Saturday, November 24, 2012
Thursday, November 8, 2012
The 2006 Census of Population is the most current and comprehensive data source for the study of the socio-demographic characteristics of poverty. The result of the 2011 National Household Survey (NHS) will not be available until 2013 and beyond. Unlike past censuses, the NHS is a voluntary program; its data reliability and comparability with previous censuses still have to be determined. The above is the introduction to the October Community Lens bulletin #81 titled 'Tracking Poverty'. The Community Lens is prepared by Community Development Halton to disseminate and interpret important community data as it becomes available. For more information please contact us at email@example.com or 905-632-1975 Quoting from the report "In Halton, between 2006 and 2009, the increase (19%) of the number of low-income families is more than double that of all Halton families (8.4%). The significant increase in the number of low-income families and the prevalence of low income takes place after 2007 with the onset of the global recession. By 2009, over 10,000 families lived in low income generating a poverty rate of 7.5% (after tax). By far the greatest actual and relative increase of low-income families occurs in the Town of Milton. The number of low-income families in Milton increased by over 70%, doubling the growth rate of all families. The number of low-income families in both Oakville and Burlington also experienced a growth rate of about 10%." Contact Community Development Halton for a copy of the full report.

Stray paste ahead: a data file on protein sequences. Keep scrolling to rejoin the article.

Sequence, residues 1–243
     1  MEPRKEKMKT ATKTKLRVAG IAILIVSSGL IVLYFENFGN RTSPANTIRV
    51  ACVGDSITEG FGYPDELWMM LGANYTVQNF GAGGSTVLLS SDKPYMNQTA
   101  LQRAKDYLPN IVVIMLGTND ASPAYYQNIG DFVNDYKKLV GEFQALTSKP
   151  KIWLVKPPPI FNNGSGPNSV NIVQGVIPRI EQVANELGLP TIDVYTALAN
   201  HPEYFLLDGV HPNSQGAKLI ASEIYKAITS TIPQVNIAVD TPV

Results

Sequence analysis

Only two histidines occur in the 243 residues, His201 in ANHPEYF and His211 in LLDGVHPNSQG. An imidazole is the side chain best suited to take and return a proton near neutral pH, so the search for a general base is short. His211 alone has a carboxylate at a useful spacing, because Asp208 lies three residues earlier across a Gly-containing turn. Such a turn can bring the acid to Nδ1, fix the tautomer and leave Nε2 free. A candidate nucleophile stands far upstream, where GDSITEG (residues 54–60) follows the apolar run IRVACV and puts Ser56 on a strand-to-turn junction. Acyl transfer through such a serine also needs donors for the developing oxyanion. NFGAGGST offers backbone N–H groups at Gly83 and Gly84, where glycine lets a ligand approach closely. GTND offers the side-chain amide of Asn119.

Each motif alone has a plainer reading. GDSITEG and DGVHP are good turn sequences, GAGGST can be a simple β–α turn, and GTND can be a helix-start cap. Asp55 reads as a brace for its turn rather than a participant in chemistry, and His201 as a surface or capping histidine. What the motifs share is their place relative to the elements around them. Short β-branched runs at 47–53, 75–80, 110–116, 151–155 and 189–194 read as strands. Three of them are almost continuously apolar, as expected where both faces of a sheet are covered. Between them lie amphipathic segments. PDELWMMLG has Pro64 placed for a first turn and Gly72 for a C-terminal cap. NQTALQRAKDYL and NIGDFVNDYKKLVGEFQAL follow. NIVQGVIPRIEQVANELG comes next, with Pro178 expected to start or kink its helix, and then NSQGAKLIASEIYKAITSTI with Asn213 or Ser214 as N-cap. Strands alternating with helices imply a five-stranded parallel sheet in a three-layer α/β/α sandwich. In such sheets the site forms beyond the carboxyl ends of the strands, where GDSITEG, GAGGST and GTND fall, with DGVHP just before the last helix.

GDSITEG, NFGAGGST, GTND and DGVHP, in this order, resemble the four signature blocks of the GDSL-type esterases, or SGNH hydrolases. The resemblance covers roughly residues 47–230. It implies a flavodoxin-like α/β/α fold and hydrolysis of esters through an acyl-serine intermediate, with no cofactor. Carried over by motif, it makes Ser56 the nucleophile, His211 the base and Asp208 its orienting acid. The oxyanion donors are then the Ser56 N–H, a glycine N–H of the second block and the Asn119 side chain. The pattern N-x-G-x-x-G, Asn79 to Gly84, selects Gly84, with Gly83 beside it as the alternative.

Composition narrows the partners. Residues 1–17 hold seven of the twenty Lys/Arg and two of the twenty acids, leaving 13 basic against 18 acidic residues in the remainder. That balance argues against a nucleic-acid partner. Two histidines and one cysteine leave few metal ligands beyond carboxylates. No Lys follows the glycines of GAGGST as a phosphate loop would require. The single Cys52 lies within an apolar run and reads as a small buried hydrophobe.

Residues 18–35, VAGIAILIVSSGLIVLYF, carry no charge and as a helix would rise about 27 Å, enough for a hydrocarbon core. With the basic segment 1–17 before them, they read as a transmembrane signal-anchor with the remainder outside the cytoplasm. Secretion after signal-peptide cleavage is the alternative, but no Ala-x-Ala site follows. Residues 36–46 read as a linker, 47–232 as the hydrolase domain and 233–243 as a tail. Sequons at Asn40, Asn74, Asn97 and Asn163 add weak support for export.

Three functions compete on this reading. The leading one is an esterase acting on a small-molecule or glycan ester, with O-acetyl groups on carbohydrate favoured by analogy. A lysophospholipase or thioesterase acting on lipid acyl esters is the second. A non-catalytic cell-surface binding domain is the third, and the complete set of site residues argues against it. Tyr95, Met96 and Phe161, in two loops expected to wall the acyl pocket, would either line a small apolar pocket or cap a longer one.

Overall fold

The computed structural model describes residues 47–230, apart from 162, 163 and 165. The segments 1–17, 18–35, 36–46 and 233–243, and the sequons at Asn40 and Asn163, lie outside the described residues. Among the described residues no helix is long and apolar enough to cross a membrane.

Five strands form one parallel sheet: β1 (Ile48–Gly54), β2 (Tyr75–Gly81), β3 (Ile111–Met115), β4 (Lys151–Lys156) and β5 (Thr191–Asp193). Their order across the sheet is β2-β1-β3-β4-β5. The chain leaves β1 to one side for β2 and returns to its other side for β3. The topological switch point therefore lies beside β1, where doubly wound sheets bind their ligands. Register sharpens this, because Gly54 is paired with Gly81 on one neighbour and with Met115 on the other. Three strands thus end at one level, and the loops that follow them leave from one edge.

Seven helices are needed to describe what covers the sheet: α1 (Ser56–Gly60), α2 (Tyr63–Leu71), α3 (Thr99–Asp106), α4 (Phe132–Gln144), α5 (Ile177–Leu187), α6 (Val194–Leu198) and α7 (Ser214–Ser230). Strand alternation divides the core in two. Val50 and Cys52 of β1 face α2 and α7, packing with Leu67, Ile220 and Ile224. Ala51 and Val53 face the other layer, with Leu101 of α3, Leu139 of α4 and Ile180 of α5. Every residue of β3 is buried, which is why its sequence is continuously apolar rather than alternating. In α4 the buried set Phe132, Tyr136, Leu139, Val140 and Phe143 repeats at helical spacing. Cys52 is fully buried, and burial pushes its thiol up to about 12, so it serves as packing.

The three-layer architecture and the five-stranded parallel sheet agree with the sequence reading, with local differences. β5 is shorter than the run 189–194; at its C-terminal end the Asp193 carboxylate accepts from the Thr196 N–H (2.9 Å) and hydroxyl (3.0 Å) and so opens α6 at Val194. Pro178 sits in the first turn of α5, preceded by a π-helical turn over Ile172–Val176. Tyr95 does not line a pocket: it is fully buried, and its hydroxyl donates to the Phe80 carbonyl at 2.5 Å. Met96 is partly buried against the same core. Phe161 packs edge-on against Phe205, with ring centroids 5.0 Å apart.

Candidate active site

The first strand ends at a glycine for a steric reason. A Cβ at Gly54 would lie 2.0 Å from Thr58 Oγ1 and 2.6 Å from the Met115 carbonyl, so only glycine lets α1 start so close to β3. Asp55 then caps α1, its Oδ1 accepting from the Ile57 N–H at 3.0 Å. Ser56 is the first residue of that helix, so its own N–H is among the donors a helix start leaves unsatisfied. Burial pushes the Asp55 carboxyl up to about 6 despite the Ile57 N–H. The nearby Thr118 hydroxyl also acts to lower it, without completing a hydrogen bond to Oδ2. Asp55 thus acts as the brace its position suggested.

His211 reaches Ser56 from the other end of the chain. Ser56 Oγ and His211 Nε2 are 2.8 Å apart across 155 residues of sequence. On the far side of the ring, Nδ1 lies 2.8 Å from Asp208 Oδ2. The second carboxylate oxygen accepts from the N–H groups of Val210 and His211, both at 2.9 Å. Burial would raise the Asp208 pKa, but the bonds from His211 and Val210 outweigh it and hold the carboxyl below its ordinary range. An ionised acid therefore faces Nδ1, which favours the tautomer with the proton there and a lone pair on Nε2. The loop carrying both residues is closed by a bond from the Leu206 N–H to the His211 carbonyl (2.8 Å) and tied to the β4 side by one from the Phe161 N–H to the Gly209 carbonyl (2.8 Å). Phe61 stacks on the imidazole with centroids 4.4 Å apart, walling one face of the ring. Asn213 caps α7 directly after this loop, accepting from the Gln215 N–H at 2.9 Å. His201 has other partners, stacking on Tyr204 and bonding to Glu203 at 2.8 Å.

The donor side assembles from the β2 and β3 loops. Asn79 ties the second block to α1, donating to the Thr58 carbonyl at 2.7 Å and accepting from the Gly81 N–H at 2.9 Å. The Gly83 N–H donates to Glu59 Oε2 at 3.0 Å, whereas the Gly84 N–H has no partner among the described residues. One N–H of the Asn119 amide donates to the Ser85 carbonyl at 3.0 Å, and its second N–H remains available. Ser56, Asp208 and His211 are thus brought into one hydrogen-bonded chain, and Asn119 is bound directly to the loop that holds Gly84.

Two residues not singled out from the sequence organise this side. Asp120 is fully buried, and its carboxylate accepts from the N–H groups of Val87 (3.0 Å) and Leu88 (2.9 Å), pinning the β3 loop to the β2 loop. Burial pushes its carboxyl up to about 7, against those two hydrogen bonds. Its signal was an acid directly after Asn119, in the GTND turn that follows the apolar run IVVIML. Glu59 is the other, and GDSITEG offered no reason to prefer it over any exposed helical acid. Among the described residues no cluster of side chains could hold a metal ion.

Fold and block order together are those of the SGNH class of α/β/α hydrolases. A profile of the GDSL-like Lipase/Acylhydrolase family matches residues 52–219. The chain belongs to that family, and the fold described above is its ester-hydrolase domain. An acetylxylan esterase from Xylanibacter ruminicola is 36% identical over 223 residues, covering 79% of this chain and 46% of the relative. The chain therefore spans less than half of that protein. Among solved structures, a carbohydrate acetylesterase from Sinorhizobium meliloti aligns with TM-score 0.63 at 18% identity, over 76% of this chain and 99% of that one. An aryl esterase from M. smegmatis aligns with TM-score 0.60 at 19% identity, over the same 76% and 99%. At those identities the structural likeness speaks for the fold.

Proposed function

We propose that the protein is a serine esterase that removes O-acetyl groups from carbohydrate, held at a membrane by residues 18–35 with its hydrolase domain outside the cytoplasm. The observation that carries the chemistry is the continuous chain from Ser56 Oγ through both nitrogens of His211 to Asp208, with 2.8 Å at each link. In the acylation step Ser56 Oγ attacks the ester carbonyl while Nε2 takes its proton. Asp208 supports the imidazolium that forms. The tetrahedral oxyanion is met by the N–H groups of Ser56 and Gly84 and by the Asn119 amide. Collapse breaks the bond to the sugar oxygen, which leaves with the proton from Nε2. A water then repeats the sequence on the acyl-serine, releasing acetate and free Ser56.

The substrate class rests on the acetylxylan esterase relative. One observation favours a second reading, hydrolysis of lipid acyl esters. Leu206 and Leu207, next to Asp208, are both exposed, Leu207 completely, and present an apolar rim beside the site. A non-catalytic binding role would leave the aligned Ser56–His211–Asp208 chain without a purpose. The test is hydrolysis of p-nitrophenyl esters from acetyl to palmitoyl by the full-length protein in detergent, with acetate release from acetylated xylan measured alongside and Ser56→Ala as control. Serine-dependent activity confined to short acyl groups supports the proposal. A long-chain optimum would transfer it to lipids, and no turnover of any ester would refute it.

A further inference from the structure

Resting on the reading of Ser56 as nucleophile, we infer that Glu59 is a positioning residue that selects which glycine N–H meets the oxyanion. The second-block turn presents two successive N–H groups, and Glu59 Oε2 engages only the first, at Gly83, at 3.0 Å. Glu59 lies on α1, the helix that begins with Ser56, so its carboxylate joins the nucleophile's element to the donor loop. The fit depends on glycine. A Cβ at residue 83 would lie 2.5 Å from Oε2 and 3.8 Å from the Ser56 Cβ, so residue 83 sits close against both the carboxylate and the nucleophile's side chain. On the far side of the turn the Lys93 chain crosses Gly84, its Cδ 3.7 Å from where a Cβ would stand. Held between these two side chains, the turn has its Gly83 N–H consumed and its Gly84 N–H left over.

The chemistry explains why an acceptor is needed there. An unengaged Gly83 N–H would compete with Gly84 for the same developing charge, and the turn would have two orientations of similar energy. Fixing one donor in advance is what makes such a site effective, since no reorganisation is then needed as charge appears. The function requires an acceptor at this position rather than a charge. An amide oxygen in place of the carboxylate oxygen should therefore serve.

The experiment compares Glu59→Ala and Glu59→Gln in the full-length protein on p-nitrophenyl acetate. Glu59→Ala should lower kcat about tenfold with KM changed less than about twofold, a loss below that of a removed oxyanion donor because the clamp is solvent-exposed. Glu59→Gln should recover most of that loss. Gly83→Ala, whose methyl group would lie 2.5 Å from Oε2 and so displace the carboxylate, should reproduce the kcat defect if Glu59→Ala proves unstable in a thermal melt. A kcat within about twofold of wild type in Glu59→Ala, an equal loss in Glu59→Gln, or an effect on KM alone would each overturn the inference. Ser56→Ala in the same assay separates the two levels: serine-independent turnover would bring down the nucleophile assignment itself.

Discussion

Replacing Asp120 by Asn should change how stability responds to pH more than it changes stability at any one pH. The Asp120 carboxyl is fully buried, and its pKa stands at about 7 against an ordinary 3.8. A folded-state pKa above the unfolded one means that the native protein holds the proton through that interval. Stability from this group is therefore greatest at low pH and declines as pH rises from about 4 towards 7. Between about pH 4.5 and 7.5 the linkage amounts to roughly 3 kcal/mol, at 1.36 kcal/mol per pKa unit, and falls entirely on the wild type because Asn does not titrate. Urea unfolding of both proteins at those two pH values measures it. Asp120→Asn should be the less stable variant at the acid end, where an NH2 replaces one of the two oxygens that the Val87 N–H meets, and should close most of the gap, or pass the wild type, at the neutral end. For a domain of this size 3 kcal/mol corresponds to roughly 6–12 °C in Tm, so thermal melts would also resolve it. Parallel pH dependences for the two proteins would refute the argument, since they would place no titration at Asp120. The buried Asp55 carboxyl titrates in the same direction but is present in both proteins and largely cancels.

We are pleased to report that our first Milton Transitional Housing client is following a plan to reach their goal. We anticipate working with our current client until the end of February 2014. We are delighted that we have been able to contribute to making a difference in this way and hope to reach our goal of 7 units supporting more clients by 2016.